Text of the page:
print vs digital

What is better: print vs digital magazines?

As technology increases and business operating models change, the question remains: printed vs digital magazines?
Read long as show the pros and cons of each medium. 

Printed magazines

Old Mutual's printed magazine

There is something to be said about a printed magazine. The smell. The feel of the paper. Holding that physical copy in your hand. But is this still relevant in the modern, digital age?

The pros

  • Companies with remote or smaller satellite offices have little or no connectivity. This might even mean no access to LAN or intranet facilities.
  • Financial planners and sales force often go into remote areas with little or no connectivity. We have heard reports of Old Mutual’s staff magazine, NOW, being used as a reference/marketing tool when there is no internet access! 
  • Older readers who are not too tech savvy will find it invaluable.

The cons

  • Cost. Printed magazines do cost more to produce. Add to that distribution costs, plus extra for run-offs required as backups and you could foot a hefty bill.
  • Errors. Every editor and designer knows: you can proof read and proof read. But unfortunately errors creep in. Fixing a printed error is costly or must simply be ignored.
  • Production time. Producing a printed magazine takes more time. From checking printed proofs, dyeline corrections to a printed magazine can take up to a week. Then you also still have to factor in distribution times.

Digital magazines

Nedbank's digital magazine

So is digital better? Lets have a look at some platform options we use. Along with the pros and cons of digital publishing.

Digital solutions

Over the years we have used a number of digital solutions. This helped us meet the needs of clients. Learning and choosing new technologies remain important. This keeps you ready, should the needs of a client change or different solutions are needed.

Some of the options we use are HTML 5 compliant flipbooks, native rich media apps and web based HTML responsive platforms. These now also offer Progressive Web Applications (PWA).

HTML 5 compliant flipbooks

html5 flipbook

These are a great, cost-effective option. If you have an existing print magazine, this makes a lot of sense. The transition and experience will be similar to what readers are used to in the print edition. It has limited animation and functionality, but it can easily be updated and distributed on servers.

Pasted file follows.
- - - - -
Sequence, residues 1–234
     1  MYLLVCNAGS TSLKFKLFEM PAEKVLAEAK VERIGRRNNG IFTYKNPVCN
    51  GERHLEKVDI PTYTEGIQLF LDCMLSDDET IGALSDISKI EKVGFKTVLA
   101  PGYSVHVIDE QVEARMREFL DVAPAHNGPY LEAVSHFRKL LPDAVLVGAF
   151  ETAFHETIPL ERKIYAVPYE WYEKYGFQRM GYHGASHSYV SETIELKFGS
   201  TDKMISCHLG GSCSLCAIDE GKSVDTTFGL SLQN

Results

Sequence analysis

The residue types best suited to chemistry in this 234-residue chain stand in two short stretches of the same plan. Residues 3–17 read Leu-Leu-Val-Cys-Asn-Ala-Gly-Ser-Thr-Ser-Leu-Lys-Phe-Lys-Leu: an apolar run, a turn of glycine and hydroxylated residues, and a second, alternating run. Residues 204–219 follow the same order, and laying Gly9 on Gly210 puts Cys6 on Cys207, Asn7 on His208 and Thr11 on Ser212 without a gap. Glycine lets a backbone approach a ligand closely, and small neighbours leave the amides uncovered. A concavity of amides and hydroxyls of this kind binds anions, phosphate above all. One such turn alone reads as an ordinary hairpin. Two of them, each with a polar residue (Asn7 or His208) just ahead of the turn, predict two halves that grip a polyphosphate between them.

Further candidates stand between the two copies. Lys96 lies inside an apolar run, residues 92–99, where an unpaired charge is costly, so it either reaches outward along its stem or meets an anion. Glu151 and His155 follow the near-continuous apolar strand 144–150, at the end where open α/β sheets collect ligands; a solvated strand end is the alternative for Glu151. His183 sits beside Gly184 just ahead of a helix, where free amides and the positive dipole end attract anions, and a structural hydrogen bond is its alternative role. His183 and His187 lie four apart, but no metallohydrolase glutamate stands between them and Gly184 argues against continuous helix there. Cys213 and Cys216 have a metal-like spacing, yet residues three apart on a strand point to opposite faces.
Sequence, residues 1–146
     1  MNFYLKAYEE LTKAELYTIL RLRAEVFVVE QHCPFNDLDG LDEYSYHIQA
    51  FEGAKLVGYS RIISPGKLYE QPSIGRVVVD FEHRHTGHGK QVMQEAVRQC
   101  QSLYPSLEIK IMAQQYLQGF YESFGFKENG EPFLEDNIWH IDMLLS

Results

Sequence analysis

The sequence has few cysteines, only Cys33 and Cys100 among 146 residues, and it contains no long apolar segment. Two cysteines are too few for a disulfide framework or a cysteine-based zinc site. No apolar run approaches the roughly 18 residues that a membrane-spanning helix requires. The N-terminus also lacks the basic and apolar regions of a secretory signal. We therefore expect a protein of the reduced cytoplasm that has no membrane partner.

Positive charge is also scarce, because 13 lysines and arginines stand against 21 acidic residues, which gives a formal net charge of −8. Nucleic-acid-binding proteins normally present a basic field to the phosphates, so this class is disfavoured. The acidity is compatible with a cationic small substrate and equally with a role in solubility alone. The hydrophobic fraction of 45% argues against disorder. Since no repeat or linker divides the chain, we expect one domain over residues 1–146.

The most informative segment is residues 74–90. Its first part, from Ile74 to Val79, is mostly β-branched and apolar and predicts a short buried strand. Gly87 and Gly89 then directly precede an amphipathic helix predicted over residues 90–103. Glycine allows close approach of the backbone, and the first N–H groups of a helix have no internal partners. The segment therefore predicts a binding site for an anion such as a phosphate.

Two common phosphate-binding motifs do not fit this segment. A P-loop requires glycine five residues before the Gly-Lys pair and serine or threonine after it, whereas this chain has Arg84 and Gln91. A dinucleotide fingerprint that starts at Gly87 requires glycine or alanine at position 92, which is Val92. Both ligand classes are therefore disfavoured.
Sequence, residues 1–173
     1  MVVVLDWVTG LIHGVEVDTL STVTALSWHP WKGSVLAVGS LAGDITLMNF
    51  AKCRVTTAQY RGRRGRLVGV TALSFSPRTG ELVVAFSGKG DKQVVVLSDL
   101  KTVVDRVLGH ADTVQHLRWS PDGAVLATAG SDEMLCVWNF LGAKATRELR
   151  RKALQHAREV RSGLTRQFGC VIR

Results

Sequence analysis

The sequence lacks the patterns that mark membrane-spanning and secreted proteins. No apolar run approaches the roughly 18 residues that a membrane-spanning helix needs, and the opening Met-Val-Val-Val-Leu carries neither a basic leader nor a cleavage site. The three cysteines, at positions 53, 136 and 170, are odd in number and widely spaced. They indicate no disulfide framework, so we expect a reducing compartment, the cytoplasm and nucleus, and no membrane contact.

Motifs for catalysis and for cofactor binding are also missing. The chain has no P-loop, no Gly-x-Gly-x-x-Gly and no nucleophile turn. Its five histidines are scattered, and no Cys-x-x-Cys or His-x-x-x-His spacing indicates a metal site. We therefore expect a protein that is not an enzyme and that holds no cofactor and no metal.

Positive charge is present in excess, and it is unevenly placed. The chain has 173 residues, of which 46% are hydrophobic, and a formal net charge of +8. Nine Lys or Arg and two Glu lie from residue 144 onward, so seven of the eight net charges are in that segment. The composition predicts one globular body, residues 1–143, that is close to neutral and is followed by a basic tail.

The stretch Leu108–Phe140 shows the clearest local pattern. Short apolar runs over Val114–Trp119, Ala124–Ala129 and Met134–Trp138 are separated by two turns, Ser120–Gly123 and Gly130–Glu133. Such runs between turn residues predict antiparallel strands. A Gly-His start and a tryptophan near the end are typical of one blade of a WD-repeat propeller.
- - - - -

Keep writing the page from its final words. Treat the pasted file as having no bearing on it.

Native Rich media apps

This is a great tool to get a magazine based app onto the app stores. Our platform of choice is Twixl. Not only does it integrate seamlessly with Adobe Indesign, it also cuts down on development time. 

The big drawback is you have to design a version for each screen size and orientation you are planning to publish for. This includes Apple, Android and Kindle devices.

With a range of features, you can even decide whether it is free, subscription based, app store hosted or self hosted.

Web based HTML platforms

These platforms are fairly new, but give you great options, should you wish to bypass the whole app approach. Canvasflow is really great and they continue to upgrade their products. Moreover, they listen to clients needs and try to incorporate these needs as much as is possible.

These publications can be hosted on their ultra secure servers at no extra cost. Or you can self host and even via a third party, such as Amazon Web Services.

Canvasflow has a variety of great features and the beauty is you can publish from anywhere. You can update articles on the fly. This means no app updates and approvals from app stores.

They now also offer Progressive Web App (PWA) technology. What you do make up for in publishing capability, you sacrifice in design. But through clever planning, you can work around this.

The pros

  • Time. Getting your publication out and onto devices is much quicker than waiting for printed magazines to arrive.
  • Less waste. One big plus is a lower carbon footprint. Mainly due to no paper, inks or machinery required.
  • Easier to update and fix errors. Fixes and updates can normally be done in a few minutes without any impact to the published digital magazine.

The cons

  • Cost. Subscription fees are usually in US$ and exchange rates can be a challenge at times.
  • Initial development work. Although these platforms and system are generally easy to work with, you usually need some upfront development costs. This might include setting up parameters like brand colours and fonts. It can also include the cumbersome process to publish to app stores.
  • Accessibility. As stated before, access to internet or intranet might be limited in some areas. Company logistics (such as IT security and framework) can sometimes be a limiting factor in getting systems rolled out.

In the end you have to decide whether printed vs digital magazines or media is right for your business.

Are you ready to explore digital publishing needs for your business?